Character patterns in passwords

Alexander Fishkov

Alexander Fishkov, Ph.D. student Computer Science

In this post, we return to the collection of 10 million passwords. Now we are interested in uncovering the common character patterns in passwords. To strengthen their password, people add numbers or special characters, and we can explore what combinations of these people usually use.

To encode character patterns we use the following notation: “a denotes one or more Latin letters, “0” denotes one or more digits and “$” denotes special characters not belonging two previous groups. According to this scheme, “John314@” will be encoded as “a0$”.

As we can see, most people use only letters and numbers, gradually increasing the number of character groups. The top 10 patterns contain no special characters. The longest pattern in passwords is “0a0a0a0a0a0a0a0a0a0a0a0a0a0a”, which was used two times.

If we look into logins, the situation is only slightly different. Special characters are more common. This includes “firstname.lastname” and “word-number” patterns. The longest pattern in logins is “a$a$a$a$a$a$a$a$a$a$a$a$a$a$a”, containing 29 character groups. The surprising thing is that this pattern was used not just once, but three times.

In one of our previous posts, we analyzed the use of whole words in passwords dataset. Here we combine it with our pattern searching technique to see how people try to make their password stronger if they use words. Here we use a more easily readable notation for the patterns: character group titles are separated by a dash.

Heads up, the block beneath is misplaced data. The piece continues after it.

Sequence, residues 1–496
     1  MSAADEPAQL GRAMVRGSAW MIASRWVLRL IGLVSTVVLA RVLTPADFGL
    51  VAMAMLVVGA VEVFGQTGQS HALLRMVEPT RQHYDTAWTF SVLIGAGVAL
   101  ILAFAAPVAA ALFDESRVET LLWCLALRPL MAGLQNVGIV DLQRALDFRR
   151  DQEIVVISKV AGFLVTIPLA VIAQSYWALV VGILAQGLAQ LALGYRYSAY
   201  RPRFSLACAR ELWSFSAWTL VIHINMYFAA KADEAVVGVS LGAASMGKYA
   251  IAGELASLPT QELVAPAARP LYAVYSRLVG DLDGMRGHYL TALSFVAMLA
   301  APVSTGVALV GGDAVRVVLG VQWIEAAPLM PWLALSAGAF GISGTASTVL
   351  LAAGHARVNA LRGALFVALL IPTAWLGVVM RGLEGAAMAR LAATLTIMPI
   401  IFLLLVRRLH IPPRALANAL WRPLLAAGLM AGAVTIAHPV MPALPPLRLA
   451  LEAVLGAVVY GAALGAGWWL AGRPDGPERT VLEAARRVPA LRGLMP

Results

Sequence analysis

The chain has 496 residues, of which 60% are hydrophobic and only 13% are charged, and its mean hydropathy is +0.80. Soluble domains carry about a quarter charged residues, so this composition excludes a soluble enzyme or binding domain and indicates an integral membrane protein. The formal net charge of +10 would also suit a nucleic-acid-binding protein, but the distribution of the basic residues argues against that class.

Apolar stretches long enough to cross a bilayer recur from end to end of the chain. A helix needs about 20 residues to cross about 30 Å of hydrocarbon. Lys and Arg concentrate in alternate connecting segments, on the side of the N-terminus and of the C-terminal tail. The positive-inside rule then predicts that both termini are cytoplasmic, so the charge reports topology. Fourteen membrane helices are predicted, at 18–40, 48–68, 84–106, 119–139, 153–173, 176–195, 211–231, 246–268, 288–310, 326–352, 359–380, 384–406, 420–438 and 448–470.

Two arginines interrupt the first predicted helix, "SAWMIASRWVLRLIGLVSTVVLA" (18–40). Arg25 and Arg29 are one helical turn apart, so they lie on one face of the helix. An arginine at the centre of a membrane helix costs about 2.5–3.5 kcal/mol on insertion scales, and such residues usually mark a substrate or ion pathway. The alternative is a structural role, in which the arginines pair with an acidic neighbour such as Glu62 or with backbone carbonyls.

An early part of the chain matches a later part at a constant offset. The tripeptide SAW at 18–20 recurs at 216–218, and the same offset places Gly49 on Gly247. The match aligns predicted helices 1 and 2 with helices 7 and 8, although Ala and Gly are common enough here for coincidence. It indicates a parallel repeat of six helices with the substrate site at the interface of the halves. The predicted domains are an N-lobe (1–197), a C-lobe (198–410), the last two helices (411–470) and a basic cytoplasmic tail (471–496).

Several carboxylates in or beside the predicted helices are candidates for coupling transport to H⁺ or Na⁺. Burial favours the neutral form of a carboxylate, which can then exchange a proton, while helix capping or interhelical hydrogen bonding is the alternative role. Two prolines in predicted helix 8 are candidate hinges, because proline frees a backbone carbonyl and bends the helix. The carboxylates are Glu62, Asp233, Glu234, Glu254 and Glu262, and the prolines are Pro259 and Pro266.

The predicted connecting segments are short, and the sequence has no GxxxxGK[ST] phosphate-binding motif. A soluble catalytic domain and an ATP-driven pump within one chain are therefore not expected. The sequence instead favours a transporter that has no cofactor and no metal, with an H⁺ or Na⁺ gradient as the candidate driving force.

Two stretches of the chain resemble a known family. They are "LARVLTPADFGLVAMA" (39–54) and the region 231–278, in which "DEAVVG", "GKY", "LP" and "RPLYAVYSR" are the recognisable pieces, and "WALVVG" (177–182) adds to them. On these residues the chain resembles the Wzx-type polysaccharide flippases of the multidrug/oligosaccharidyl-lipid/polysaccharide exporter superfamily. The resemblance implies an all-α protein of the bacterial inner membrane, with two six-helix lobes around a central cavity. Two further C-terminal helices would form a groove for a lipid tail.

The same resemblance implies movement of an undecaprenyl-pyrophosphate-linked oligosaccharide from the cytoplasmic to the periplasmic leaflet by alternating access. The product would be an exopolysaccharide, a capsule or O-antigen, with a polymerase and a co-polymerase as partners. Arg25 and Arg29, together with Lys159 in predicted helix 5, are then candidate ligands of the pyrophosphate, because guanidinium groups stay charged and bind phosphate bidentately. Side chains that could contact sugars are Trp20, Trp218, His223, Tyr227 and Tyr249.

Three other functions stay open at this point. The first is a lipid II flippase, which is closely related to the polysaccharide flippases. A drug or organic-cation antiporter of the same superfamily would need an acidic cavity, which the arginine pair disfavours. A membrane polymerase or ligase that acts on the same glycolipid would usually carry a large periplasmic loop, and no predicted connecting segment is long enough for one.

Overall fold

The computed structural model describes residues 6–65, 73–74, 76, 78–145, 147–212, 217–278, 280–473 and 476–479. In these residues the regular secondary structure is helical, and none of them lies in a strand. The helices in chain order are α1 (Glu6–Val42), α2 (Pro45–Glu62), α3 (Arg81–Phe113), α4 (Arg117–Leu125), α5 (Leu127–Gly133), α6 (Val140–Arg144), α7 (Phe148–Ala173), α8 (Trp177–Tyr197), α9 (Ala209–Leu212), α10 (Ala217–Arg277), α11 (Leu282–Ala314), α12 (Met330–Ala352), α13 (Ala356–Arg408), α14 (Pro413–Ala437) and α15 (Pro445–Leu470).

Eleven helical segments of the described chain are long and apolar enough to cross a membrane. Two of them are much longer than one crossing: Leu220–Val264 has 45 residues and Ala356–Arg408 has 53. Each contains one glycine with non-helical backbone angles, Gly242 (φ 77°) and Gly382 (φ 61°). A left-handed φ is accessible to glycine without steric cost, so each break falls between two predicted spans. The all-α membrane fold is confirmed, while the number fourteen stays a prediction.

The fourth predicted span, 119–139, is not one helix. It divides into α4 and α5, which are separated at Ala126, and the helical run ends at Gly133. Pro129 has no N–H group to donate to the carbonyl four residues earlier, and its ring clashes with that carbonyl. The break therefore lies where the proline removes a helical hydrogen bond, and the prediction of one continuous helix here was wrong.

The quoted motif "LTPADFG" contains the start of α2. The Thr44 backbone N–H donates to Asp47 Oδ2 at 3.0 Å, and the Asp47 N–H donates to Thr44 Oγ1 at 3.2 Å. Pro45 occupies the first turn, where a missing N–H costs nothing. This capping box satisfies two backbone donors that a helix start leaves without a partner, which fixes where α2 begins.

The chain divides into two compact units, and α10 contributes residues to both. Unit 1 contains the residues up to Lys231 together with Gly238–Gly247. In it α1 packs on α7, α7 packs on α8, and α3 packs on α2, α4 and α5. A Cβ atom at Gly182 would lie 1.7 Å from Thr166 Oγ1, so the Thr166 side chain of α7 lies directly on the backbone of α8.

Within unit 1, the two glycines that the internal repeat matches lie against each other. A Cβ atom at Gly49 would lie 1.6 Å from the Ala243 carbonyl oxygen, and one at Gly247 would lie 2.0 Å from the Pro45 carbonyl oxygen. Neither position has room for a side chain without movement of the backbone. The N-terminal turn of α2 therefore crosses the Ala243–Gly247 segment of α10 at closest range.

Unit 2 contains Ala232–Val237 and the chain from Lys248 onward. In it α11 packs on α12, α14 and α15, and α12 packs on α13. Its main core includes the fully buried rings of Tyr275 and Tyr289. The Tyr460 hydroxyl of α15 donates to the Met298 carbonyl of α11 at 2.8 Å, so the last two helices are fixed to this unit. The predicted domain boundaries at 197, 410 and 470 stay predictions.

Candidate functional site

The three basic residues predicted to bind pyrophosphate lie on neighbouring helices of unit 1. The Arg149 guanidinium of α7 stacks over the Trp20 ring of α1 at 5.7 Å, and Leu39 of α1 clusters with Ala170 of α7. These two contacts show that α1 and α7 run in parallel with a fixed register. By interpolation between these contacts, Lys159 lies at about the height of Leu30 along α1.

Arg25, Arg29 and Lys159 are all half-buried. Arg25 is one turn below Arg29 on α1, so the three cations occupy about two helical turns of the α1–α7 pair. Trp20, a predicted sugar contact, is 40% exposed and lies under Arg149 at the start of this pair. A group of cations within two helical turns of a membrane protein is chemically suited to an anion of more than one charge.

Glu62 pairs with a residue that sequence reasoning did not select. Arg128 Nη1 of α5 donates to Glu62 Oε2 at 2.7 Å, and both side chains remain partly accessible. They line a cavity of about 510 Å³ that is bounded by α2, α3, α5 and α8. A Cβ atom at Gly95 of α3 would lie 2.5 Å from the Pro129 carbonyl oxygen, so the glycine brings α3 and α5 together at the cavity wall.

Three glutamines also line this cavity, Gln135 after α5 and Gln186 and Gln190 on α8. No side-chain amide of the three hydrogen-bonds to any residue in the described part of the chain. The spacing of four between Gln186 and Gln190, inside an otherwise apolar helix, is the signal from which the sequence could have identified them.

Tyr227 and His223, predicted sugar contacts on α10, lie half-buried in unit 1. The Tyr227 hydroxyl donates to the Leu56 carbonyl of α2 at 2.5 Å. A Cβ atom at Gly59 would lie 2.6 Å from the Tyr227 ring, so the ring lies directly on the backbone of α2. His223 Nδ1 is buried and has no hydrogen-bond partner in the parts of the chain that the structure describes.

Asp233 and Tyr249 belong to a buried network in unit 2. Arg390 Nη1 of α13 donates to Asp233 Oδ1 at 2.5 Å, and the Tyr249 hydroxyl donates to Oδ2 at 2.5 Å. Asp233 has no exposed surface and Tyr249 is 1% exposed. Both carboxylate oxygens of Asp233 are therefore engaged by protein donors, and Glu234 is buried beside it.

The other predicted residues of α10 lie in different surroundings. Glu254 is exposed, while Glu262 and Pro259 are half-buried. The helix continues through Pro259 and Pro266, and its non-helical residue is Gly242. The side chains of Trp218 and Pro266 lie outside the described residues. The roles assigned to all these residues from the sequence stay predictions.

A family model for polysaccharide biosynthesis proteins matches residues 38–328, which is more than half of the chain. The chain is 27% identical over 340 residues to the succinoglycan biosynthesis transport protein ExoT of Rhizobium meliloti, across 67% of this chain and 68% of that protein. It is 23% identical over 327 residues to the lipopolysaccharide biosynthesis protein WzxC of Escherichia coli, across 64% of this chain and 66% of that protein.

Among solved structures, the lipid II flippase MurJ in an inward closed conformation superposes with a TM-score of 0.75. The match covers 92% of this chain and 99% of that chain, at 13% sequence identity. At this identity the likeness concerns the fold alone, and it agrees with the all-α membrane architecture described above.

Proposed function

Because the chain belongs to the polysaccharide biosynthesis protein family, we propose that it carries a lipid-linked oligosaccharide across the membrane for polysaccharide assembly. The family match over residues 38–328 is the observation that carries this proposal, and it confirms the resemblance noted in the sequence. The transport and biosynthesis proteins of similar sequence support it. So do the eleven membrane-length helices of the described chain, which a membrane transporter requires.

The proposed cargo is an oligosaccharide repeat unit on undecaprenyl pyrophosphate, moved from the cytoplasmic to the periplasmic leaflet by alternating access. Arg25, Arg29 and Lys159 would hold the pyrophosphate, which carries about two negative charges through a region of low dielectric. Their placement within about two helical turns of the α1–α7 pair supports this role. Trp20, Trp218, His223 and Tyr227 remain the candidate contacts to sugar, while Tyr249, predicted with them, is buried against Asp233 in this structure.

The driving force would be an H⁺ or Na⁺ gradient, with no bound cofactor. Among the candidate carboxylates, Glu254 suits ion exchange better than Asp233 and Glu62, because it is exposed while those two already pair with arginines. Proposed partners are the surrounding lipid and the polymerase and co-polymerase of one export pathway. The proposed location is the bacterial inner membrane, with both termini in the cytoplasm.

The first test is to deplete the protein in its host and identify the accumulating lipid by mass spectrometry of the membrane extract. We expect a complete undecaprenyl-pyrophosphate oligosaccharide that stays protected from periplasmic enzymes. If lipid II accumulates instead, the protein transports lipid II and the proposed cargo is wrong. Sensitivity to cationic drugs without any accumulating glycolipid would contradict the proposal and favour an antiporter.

Obfuscating words with numbers with numbers and letters is more popular than using special characters. In fact, no pattern with special characters made it to the top (here we only considered patterns with words). We can also note that digits are usually added after words, while letters can sometimes appear before. Surprisingly, a simple pattern of a few words in a row is rarely used: only one ‘two words’ pattern made it to the top 25.

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About Alexander Fishkov

Alexander Fishkov

Alexander Fishkov, Ph.D. student Computer Science

Alexander is a Ph.D. student in Computer Science. He currently holds B.S. and M.S. degrees in Applied Math. He has experience working for industry major companies performing research in the fields of machine learning, data mining and natural language processing. In his free time, Alexander enjoys hiking, Nordic skiing and traveling.

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One thought on “Character patterns in passwords”

  1. This is a delightfully irritating topic since I still can’t immediately recognize the difference between a new account asking for me to use my e-mail address as my user name, and then asks for a password which I don’t know is not suppose to be my password for accessing my e-mails. God is wonderously creative in preparing new generations for this experience called life on Earth. Where we began, God leads us on a wild goose chase to find out. He alone exists when there is nothing, and mercifully sends us into the unknown called life to find out where He will end -which does not exist and never has existed for as long as there has been life on Earth.

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